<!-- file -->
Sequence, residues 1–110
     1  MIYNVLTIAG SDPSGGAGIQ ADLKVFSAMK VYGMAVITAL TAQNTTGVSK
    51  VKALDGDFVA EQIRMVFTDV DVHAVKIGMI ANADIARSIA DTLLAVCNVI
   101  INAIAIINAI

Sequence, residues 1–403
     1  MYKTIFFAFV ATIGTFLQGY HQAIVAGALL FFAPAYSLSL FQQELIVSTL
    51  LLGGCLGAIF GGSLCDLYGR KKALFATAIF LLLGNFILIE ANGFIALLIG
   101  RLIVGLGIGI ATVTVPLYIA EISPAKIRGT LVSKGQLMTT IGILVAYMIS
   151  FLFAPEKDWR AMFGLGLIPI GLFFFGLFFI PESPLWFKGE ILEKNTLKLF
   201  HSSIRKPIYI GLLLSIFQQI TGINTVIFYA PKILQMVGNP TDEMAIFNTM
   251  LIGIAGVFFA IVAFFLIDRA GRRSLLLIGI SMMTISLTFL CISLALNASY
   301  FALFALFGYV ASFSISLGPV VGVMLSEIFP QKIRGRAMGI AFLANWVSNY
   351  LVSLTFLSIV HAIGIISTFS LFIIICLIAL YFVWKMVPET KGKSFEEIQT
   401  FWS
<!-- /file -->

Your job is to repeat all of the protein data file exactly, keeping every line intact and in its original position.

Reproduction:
Sequence, residues 1–110
     1  MIYNVLTIAG SDPSGGAGIQ ADLKVFSAMK VYGMAVITAL TAQNTTGVSK
    51  VKALDGDFVA EQIRMVFTDV DVHAVKIGMI ANADIARSIA DTLLAVCNVI
   101  INAIAIINAI

Sequence, residues 1–403
     1  MYKTIFFAFV ATIGTFLQGY HQAIVAGALL FFAPAYSLSL FQQELIVSTL
    51  LLGGCLGAIF GGSLCDLYGR KKALFATAIF LLLGNFILIE ANGFIALLIG
   101  RLIVGLGIGI ATVTVPLYIA EISPAKIRGT LVSKGQLMTT IGILVAYMIS
   151  FLFAPEKDWR AMFGLGLIPI GLFFFGLFFI PESPLWFKGE ILEKNTLKLF
   201  HSSIRKPIYI GLLLSIFQQI TGINTVIFYA PKILQMVGNP TDEMAIFNTM
   251  LIGIAGVFFA IVAFFLIDRA GRRSLLLIGI SMMTISLTFL CISLALNASY
   301  FALFALFGYV ASFSISLGPV VGVMLSEIFP QKIRGRAMGI AFLANWVSNY
   351  LVSLTFLSIV HAIGIISTFS LFIIICLIAL YFVWKMVPET KGKSFEEIQT
   401  FWS